Out of the five basic senses, the sense of sight is an easy one to neglect. Many people leave it until they notice a change or feel discomfort before seeking help. However, by taking preventative measures you can reduce the risk of serious eye issues. Here are 7 top tips to keep your eyes healthy.
Regular Eye Tests
One of the best ways to protect your vision is to attend regular eye examinations. No one can tell you more about the condition of your eyes than an optometrist. They can detect deterioration and abnormalities, even if you cannot. Loss of vision and blindness can occur if serious conditions are left unattended. By booking in a routine eye test, you can spot changes and treat them early.
Wear Reading Sunglasses
Whether you love to read by the pool when you are on holiday or you enjoy a spot of gardening in the sun, protecting your eyes from sun exposure is a must. Most people own a favourite pair of shades, but if you need glasses to see clearer then reading sunglasses are a necessity. Just-glasses.co.uk offer a selection of UVA-UVB blocking sunglasses which look great and reduce eye strain.
Reduce Your Screen Time
As more and more people find themselves working from home, it is more important than ever to be conscious of the amount of time you look at a screen. Staring at a mobile phone or a computer screen for long periods of time can blur your vision and give you eye strain. Excessive screen time can also cause dry eyes, headaches and upper body pains. You can tackle eye strain by following the 20-20-20 rule; every 20 minutes, for 20 seconds, you should divert your attention to something 20 feet away.
Use Protective Eye Gear
Following on from the previous tip, staring at a digital screen can expose you to blue light which in turn can damage the retina, cause eye strain and even affect your sleep. Some people choose to combat this by using glasses that are specially designed to block out blue light. Besides blue light, physical eye injuries can be caused in the workplace or when pursuing a hobby. Wearing protective sports gear can help reduce this risk and using safety glasses can prevent foreign materials from entering your eyes at work.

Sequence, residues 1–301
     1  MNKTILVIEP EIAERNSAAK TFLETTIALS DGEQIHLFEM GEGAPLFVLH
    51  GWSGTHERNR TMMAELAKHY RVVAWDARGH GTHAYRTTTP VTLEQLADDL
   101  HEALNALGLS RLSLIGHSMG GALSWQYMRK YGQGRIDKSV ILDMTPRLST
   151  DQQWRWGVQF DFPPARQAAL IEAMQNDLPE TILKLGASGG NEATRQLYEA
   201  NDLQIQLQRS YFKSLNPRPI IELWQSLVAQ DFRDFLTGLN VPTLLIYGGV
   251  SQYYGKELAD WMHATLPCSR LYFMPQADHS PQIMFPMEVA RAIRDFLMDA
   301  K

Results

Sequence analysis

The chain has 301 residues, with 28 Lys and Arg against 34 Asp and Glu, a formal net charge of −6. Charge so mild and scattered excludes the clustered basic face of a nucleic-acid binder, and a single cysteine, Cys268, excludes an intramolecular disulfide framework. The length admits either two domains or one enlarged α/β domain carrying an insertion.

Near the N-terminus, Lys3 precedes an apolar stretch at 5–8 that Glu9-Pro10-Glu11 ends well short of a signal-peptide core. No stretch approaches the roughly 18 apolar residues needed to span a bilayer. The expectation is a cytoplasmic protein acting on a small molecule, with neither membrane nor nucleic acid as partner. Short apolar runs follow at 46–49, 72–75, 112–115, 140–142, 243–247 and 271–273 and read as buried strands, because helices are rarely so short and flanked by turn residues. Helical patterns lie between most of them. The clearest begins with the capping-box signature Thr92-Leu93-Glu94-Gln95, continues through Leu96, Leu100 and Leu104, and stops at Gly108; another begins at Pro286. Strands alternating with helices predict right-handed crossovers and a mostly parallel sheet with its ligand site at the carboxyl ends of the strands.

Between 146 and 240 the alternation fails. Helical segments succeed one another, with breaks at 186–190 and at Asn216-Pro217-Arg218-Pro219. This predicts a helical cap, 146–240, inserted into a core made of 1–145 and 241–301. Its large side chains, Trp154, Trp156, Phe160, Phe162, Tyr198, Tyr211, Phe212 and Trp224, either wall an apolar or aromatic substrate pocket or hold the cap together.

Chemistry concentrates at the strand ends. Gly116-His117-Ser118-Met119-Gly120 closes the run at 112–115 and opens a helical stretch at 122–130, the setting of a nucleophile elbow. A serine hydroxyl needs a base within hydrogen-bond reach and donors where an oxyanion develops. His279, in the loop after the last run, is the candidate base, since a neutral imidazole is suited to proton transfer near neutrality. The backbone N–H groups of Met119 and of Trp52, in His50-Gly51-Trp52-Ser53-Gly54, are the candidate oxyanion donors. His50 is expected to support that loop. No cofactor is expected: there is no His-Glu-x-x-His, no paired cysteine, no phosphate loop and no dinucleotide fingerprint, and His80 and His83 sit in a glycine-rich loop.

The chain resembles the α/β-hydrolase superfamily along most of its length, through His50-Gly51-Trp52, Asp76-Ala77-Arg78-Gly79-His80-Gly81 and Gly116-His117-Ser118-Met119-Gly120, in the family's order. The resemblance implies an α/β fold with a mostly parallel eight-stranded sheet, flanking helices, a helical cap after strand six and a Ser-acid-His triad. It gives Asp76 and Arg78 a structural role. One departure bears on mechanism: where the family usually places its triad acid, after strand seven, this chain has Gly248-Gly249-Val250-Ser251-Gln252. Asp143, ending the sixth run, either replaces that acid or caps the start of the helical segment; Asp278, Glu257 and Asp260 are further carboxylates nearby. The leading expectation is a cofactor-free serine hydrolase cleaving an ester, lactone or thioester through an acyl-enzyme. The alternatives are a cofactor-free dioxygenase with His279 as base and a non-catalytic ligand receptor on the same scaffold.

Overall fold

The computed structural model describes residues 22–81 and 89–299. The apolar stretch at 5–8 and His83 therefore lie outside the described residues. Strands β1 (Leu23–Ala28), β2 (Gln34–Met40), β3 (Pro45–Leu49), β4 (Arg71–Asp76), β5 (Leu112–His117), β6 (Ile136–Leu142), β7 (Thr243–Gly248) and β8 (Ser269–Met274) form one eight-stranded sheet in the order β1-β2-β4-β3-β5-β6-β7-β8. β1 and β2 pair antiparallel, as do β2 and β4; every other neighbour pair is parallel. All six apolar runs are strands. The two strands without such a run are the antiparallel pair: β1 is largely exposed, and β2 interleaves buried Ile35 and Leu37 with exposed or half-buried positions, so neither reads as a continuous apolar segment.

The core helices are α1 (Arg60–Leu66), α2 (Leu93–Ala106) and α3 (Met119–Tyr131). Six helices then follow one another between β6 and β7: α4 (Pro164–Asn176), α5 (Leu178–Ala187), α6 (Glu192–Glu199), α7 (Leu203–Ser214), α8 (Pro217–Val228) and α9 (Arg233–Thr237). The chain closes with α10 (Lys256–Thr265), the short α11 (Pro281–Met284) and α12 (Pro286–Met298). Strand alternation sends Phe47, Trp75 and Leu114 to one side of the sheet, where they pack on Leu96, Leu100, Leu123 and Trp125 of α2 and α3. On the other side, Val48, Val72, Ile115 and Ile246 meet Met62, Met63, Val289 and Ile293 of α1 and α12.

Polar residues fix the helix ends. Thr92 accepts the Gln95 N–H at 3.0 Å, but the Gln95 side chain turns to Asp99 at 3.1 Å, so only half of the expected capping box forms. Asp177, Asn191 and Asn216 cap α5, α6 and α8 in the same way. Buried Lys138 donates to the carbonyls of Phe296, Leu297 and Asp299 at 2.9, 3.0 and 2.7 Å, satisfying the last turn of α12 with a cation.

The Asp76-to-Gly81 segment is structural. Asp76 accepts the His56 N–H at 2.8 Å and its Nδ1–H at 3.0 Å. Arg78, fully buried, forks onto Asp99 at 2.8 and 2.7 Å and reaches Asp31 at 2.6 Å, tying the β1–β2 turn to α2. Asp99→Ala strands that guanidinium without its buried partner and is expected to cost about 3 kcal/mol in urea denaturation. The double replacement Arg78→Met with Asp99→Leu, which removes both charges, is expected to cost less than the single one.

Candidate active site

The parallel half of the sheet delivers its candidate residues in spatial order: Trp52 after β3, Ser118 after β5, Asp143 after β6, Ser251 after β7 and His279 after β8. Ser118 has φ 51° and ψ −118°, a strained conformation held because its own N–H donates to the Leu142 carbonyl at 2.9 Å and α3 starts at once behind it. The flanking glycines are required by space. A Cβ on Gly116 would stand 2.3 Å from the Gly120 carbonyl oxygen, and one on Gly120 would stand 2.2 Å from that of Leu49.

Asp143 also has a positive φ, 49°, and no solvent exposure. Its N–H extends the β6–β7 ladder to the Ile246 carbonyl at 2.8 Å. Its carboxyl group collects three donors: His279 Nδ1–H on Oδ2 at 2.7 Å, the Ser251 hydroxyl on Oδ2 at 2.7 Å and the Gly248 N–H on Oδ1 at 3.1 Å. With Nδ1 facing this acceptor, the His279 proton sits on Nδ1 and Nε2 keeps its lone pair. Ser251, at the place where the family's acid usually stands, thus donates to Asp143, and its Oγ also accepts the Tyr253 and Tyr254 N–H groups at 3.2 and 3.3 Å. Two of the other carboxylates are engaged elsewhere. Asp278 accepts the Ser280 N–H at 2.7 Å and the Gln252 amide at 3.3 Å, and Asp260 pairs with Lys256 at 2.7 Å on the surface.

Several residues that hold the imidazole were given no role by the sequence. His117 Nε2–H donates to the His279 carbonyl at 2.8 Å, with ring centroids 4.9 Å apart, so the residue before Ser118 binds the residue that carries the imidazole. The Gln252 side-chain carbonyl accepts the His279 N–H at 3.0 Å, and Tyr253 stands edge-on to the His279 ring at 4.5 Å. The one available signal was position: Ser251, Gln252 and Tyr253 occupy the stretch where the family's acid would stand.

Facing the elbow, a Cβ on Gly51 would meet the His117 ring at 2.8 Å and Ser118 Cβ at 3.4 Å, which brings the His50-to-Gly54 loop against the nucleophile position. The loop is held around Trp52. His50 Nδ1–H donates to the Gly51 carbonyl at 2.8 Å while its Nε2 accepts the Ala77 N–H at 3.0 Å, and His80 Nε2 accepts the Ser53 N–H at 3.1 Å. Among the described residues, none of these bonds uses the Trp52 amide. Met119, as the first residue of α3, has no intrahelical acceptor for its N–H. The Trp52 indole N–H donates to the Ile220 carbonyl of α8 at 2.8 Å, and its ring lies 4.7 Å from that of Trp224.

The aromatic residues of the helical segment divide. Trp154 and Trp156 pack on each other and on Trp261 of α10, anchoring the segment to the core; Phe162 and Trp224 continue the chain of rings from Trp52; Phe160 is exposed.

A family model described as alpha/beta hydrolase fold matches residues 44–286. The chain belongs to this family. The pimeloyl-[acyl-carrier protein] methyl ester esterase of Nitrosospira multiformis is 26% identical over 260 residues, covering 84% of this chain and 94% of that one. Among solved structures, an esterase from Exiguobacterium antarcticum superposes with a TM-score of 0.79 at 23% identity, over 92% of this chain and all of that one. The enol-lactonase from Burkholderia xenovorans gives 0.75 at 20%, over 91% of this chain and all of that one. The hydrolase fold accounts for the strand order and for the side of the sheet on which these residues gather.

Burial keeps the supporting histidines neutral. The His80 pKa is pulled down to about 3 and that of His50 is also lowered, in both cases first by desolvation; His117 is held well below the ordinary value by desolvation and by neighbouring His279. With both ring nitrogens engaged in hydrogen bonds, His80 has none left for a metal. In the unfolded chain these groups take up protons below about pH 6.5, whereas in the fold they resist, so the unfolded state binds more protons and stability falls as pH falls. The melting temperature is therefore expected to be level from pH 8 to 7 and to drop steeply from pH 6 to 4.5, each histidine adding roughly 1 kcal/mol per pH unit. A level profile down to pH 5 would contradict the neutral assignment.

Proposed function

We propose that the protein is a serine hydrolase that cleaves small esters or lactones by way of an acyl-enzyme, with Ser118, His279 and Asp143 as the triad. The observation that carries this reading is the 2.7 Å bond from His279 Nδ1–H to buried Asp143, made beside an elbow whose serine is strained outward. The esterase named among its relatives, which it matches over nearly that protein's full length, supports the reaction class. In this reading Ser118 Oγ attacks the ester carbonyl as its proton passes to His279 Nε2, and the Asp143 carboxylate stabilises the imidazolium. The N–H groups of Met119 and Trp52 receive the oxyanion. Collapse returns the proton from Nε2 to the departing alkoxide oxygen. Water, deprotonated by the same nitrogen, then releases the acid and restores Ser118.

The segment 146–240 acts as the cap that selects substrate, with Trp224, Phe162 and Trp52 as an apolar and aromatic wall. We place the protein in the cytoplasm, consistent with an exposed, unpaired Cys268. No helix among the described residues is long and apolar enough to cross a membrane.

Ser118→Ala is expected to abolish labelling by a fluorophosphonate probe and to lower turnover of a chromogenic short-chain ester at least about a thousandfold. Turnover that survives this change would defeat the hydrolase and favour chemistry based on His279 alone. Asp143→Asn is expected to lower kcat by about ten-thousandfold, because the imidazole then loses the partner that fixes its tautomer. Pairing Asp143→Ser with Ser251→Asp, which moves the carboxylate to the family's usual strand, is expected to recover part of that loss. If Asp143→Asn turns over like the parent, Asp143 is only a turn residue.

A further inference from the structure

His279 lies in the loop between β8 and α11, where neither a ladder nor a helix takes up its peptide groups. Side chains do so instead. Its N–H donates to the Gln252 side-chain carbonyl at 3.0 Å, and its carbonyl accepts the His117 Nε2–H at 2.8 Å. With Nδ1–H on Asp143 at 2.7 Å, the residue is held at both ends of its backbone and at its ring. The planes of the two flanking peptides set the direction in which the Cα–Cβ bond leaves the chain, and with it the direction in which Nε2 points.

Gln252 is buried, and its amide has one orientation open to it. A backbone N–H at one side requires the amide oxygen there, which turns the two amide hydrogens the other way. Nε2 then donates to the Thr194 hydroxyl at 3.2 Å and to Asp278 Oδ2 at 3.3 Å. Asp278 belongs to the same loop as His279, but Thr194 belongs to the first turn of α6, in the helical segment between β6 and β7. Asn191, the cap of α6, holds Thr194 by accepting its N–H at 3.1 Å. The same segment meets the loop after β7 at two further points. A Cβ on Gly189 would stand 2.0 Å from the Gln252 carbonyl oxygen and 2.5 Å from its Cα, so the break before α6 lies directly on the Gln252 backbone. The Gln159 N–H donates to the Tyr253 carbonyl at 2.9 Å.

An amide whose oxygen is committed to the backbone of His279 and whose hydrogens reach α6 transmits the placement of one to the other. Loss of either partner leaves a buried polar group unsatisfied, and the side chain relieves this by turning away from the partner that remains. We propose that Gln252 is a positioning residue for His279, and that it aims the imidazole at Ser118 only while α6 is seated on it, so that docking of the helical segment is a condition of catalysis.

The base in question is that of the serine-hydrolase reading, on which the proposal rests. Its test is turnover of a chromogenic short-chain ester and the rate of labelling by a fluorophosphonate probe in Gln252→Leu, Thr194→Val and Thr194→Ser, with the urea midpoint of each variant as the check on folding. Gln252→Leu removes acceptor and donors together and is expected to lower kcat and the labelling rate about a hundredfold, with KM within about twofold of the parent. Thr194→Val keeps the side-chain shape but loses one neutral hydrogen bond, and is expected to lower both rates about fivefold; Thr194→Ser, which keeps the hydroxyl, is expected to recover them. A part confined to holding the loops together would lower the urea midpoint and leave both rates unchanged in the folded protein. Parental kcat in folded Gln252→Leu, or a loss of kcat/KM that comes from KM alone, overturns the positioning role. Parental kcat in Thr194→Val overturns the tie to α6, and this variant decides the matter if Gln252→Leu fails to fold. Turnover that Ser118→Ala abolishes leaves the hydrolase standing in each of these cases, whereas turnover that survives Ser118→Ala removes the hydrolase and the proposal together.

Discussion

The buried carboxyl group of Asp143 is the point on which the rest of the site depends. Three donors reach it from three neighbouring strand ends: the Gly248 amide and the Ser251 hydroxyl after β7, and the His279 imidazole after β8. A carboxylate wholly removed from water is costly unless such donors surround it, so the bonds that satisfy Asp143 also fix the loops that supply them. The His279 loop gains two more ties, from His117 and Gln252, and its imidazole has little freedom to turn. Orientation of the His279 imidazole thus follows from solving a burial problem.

Do Not Smoke
It is a fact that smoking is bad for your health, but many may not realize that it is directly linked to eye health too. Research shows smokers are more likely to develop cataracts, and there are studies that link smoking to incurable diseases such as age-related macular degeneration (AMD).
A poor diet not only affects your physical wellbeing, it can also have a detrimental effect on your eye health. A balanced diet filled with fresh fruit and vegetables can provide a plethora of vitamins that are beneficial to your eyesight. Not only can eating well decrease your likelihood of getting type 2 diabetes (a leading cause of blindness), healthy levels of zinc, omega-3 fatty acids and vitamins C and E can reduce your chance of developing cataracts and AMD.
Keep Your Hands Clean
Your own hands can be the cause of painful eye infections. Rubbing your eyes with dirty hands can transfer bacteria directly onto your eye’s surface. This can lead to nasty results such as corneal ulcers and conjunctivitis (pink eye). The simple act of washing your hands with soap and drying them properly can reduce this risk.